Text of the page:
Since it had been awhile since we focused our attention on history, I decided to do a bit of review.  We started with a large review timeline.  I wanted something the kids could manipulate.  It took a bit of jogging their memories, but eventually the timeline took shape.  Obviously, since this timeline covered the history of the world since the creation to the end of the Middle Ages, I really limited the events to the highlights. 




We also read some books to review.  One of our favorites was Joan of Arc by Diane Stanley.

We also really liked The Silk Route: 7,000 Miles of History by John S. Major.

We read those books, and a few others, to review what was going on in the world and to set the stage for the major world exploration we studied next.  I wanted the kids to understand how Europe received goods from China and India and how the balance of power and prices changed when Islamic empires shut down the overland trade route.  We read a little bit about Marco Polo and then we did one of my favorite things.  We mapped.










The purpose of the map was to remind the children of basic divisions of power in Europe going into the Age of Exploration when things started changing fast.  We also looked at a map of Asia and Africa, but I couldn't find a good outline map for those areas.  

http://whi.weebly.com/uploads/6/6/6/1/6661760/2103871_orig.jpg

Lastly, we made individual, and slightly more detailed, timelines on calculating machine paper.  I love that stuff for timelines.





There are lots of places online that offer a highly simplified overview of world history.  I used one of those sites as a reference when choosing the events for the timeline.  Mostly I wanted to remind my kids of things we spent time on in the hopes it would all come back to them.  It did--for Miriam at least.

Here's what is included on Miriam's timeline:

Timeline Events:

8000 BC: beginning of farming

3100 BC: Egypt is ruled by pharaohs

3000 BC: Sumerian civilization began; cuneiform writing

2000 BC: First Chinese dynasty

1200 BC: Oldest known civilization in the Americas, Olmecs

800 BC: Greek city-states formed, democracy explored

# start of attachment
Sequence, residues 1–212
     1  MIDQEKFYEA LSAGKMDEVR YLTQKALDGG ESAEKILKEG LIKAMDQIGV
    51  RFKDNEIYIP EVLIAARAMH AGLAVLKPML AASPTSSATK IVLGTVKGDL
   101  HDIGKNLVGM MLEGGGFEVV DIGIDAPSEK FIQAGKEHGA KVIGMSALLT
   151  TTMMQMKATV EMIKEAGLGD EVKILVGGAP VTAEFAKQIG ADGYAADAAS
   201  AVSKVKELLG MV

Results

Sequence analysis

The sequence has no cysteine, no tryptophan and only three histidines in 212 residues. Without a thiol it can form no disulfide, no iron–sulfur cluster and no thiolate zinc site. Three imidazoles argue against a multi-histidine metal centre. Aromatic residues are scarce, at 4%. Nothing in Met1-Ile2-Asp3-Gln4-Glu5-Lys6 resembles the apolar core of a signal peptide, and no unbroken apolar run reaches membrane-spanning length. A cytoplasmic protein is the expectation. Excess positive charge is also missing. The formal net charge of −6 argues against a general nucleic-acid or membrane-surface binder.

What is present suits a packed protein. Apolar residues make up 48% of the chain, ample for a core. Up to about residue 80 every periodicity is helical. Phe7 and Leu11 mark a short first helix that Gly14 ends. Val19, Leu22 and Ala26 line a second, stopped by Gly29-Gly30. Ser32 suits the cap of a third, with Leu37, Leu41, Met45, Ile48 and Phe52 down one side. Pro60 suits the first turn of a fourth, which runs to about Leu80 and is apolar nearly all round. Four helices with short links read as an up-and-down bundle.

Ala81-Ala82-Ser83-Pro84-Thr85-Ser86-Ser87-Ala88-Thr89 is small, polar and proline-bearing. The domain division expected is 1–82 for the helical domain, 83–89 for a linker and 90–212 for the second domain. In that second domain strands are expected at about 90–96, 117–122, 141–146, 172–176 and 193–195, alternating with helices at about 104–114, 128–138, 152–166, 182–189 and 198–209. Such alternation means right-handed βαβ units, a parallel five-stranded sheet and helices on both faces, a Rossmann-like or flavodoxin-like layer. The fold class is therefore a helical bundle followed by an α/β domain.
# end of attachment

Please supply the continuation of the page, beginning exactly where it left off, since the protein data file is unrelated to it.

776 BC: First Olympic games

550 BC: Cyrus forms the Persian dynasty

334 BC: Alexander the Great conquers his empire

27 BC: Roman way of life spreads throughout the Roman Empire—mightiest empire in the ancient world

AD 33: Jesus is crucified

AD 410: Barbarians plunder Rome marks the beginning of the end of the Roman Empire

AD 527: Justinian 1 becomes Byzantine Emperor

AD 622: Muhammad starts religion of Islam

AD 814: Charlemagne unites much of Europe, starts the Holy Roman Empire

AD 900: Viking Age

AD 1066: Battle of Hastings; William the Conqueror defeats the Saxons

AD 1099: First Crusade

AD 1279: Kublai Khan conquers China

AD 1298: Marco Polo publishes his adventures


AD 1347: Black Death arrives in Europe


Here's a video that might also be valuable if you are reviewing.  http://www.historycentral.com/dates/Overviewhistory.html  It is a link to a 15 minute video that discusses all major world events through AD 1500.

And that was the first two days of history of the new school year!

September 1, 2014

Calendar Magic



Today I labored, as is only appropriate on Labor Day, over the school year calendar.  I like to have the year mapped out (a residual effect of being a professional teacher or just Type A behavior?) and now that it is, I haven't stopped patting myself on the back.  The calendar worked out brilliantly.  We're studying the pilgrims (legitimately) the week of Thanksgiving and the Revolutionary War (legitimately) the week of July 4th.  How is that for amazing?

Granted, my yearly plans never go as planned but let me have a few more minutes to gloat over my calendar's awesomeness before I face that reality.

I spent all day poring over my two spines: The Age of Discovery by Timelink and The Elements: Ingredients of the Universe by Ellen McHenry.  I will also be using Ellen McHenry's second chemistry course, Carbon Chemistry, but I don't own it yet.

I broke everything down into pieces and then assigned each piece to a day.  So very, very time consuming, but so very, very worth it for me.

September is devoted to history.  Here is how it breaks down--

3rd: Joan of Arc, any other catching up, start timelines on paper roll

4th: map practice, what the world looked like at the end of the Medieval period, work on timeline

5th: Columbus and Magellan, read books about them, map where they went, discuss expanding world

8th: Cortes and the Aztecs, Pizarro and the Incas, Jacques Cartier in Canada--maps and timeline

10th: Ottoman Turks under Suleiman 1, Babur in India and the start of the Mogul Empire, maps, any documentaries I can find, books if I can find them

11th: Protestant Reformation, Martin Luther, Calvinism, Venn diagram for Catholicism and Protestantism, Henry VIII divorces first wife so England breaks with Catholicism

12th: Review of major world religions, Venn diagrams, books

15th: overview of Renaissance, definition of rebirth, ancient Greeks, ancient Romans, humanism--humans can accomplish anything--focus on this life instead of afterlife, Medici (look for documentary), patrons, Gutenberg

16th: Painters that made a difference: Titian, Raphael, Michelangelo, Donatello, etc., try to draw like one of them

17th: Perspective, Erasmus, Machiavelli (maybe)

18th: Guest lesson on perspective, draw

22nd: Durer, Hans Holbein, Leonardo da Vinci, try to make one of Leonardo's inventions

24th: Akbar--Mogul India--map; Toyotomi Hideyoshi--Japan, maps, timelines, Africa beginning of slave trade, French Civil War

25th: guest artist--another perspective lesson

29th: Spain's Golden Age; empire, Cervantes, El Greco, defeated Portugal, Dutch revolt against Spain, map Spain's empire